Since the lockdown began, I’ve been dreaming about traveling. During waking hours, the fact that I can’t predict the timing of my next trip ranks low on my list of concerns. But in sleep, I find myself lining up to board planes, sprinting to catch trains, rattling on buses through unfamiliar landscapes. I am always in transit; I never fully arrive. Last night I dreamed I was waiting for a connecting flight when I realized I’d lost my luggage. A few weeks ago, my subconscious arranged a vacation with my parents, who, in reality, I haven’t seen since February. We’d just hugged hello in a crowded airport terminal when my dream self remembered the existence of the novel coronavirus. I felt a sickening dread, and then I woke up.
My unconscious mind seems to be telling me that, after eight weeks of leaving my apartment as little as possible, I’m more restless than I’ve let myself admit. It’s a problem that anyone working from home should feel lucky to have. Still, it may explain the enthusiasm I felt in early April, when I learned that Airbnb was offering what it calls Online Experiences: virtual cooking classes, fitness sessions, and other quirky forays led by hosts of odd expertise all over the world and conducted via the video-conferencing app Zoom for the distraction and amusement of people who find themselves bored, anxious, and homebound.
Before the emergence of COVID-19, I had plans to report on the company’s original, in-real-life version, Airbnb Experiences, for Outside. Launched in November 2016 as Airbnb Trips, then later rebranded, Experiences is its attempt to plant a flag in the tour economy that occupies a significant share of vacationers’ budgets. (Sixty percent or more of travel spending goes to activities and restaurants, according to industry analyst Henry Harteveldt.) Just as Airbnb allows people to turn their ordinary homes into ad hoc hotels, Experiences encourages them to convert their zany passions and pastimes into walking tours, cooking classes, and other pursuits. That personal twist is a hallmark of Airbnb Experiences, and it sets it apart from the offerings of a mass-market tour company.
However, two years after Airbnb rebranded Trips as Experiences, the division is still losing money, according to The Wall Street Journal. Airbnb declined to speak on record for this story, but CEO Brian Chesky—who has ambitions of turning the company into a full-service online travel agency with, among other things, its own flight-booking tool—seems committed to Experiences as a cornerstone of his company’s future.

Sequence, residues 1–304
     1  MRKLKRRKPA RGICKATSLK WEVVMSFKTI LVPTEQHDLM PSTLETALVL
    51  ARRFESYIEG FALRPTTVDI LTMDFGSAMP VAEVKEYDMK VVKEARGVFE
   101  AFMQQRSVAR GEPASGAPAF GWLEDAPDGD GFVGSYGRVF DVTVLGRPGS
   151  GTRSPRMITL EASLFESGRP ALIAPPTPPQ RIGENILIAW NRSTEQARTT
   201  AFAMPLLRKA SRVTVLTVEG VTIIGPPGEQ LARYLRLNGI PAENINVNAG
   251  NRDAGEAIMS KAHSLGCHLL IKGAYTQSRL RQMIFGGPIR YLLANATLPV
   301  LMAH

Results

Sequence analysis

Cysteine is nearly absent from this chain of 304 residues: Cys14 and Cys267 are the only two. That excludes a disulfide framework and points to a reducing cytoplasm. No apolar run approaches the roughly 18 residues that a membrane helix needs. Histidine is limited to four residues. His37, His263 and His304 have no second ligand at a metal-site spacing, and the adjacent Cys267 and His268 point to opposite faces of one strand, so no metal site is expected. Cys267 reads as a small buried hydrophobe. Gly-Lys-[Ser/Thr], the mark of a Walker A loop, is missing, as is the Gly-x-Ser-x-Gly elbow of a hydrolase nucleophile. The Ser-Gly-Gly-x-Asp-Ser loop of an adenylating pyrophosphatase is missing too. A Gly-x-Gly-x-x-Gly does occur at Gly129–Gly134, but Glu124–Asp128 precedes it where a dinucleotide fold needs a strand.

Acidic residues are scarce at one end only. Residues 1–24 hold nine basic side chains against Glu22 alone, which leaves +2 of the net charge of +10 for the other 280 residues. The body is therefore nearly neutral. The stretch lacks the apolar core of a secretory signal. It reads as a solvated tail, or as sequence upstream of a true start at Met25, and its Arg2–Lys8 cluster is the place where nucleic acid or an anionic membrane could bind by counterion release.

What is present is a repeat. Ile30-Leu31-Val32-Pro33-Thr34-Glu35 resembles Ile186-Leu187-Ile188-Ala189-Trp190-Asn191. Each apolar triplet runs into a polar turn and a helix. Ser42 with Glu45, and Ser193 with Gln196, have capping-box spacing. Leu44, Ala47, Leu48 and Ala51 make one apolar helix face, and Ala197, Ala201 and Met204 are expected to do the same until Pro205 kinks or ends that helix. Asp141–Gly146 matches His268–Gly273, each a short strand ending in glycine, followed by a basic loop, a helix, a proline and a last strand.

Now the pandemic has halted tourism indefinitely. Before the arrival of COVID-19, Airbnb had planned to go public by the end of the year. Chesky told NPR in late April that he remains “very confident” that Airbnb will still have an IPO in 2020. But this week, the company announced layoffs of roughly 25 percent of its staff. In a memo, Chesky told employees that 2020 revenue is expected to be less than half of what it was in 2019.
Weeks before, the company had doubled down on Experiences. On April 8, it announced that hosts would be revising their offerings for an online format, creating “a new way for people to connect, travel virtually and earn income during the COVID-19 crisis.” At press time, the more than 150 Online Experience listings included a high-intensity workout with an Olympic rower, a cello concert with a professional musician, and cooking classes for everything from salsa to curry to homemade ricotta cheese.
Until now, Airbnb’s success has been propelled by its promise to help any tourist, in the words of its most famous slogan, “Live like a local.” Its constellation of home shares let you burrow into whatever bohemian neighborhood you might aspire to call home. Airbnb Experiences caters to the same desire to access an authentic version of each place we visit. It offers travelers a conduit to a city’s real residents, many of whom don’t work in tourism.
By contrast, on the surface, Online Experiences seems to provide a way out of a place rather than a way into one—an escape from our present shelter-at-home situations rather than an introduction to a new town. Participants will see little of the destinations where each online experience is hosted. The appeal is the chance to break free, for an hour or 90 minutes, from the stress and monotony of our respective quarantines. But the lure of travel, in large part, is the opportunity to consider our own lives from a distance. I’m one of those people who cries in cars and on airplanes: it feels safe to let the feelings catch up to you when you’re in motion, as if you’ll outstrip them by the time you arrive.
A few days after Online Experiences launched, I eagerly signed up for four of the highest-rated sessions: a sangria-making workshop run by drag queens in Portugal, a magic lesson in England taught by a Guinness World Record–holding magician, a guided meditation in a sheep barn in Scotland, and a tour of Chernobyl, Ukraine, with a man who tends to the area’s packs of stray dogs. As I did so, I was conscious of hoping for more than a virtual change of setting. I was craving the perspective on life that vacations so often provide. The experience that most interests me is the one we’re all in the middle of—but I’ve found my own sense of this lockdown to be oddly slippery, as if the lack of day-to-day variation somehow translates to an absence of texture. I got the news that a family member could have been exposed to the virus, and then the news two days later that her test came back blessedly negative, while I sat in the same spot on the same couch. It’s been hard to hold on to these moments as distinct memories.
And maybe that’s why I’ve been dreaming about traveling: I want to get far enough away from this tense, listless life to look back at it and see where I am.